CHICAGO (WLS) -- Special Olympics Chicago held its annual Polar Plunge on North Avenue Beach Sunday.
Those willing to feel severe discomfort raised $1.5 million to help people with disabilities develop fitness and experience joy.
"I feel like I'm about to be in a car accident which is a lovely feeling," said actor Dax Shepard.
Shepard joined special Olympians, corporate teams and everyday folks crazy enough to jump into Lake Michigan in March. They made a splash for a global movement that started in Chicago in the 1960s.
"Special Olympics was born in Chicago in 1968, this is our biggest day of the year," said Kevin Magnuson, president of Special Olympics Chicago.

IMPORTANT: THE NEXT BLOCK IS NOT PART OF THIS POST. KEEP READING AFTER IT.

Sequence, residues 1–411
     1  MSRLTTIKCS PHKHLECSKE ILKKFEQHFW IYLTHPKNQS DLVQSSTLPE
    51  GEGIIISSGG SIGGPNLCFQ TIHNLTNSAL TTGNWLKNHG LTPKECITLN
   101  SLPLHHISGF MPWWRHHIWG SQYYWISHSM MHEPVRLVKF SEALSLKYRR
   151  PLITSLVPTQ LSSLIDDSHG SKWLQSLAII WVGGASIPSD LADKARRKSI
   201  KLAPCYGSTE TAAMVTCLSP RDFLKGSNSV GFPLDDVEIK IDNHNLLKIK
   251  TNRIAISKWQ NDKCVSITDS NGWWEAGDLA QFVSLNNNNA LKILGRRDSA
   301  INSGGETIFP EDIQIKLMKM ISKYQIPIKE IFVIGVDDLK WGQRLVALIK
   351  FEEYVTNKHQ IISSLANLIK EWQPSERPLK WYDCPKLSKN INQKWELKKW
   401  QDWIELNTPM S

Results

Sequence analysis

Plungers stayed in for a few seconds or longer, depending on how much they could take.
"It is an amazing event for an amazing cause and is so much fun," said Kaitlyn Kempaik.
"I saw my friend do it last year and it was just so amazing so I felt like I just had to do it this year," said Melissa McNeill. "I am definitely going to come back every year."
The plungers were warmed with blankets and brats.
"Did a bunch of stuff involved with Special Olympics not only here but in New Mexico as well, it's a great, great cause," said former Bears player Brian Urlacher.
Special Olympics is for children who are 8 years old and up and adults with developmental disabilities, giving them a chance to participate in a sharing of gifts, skills and friendship. In Chicago alone, over 6,800 athletes are involved in the program.
Polar Plunge raises $1.5 million for Special Olympics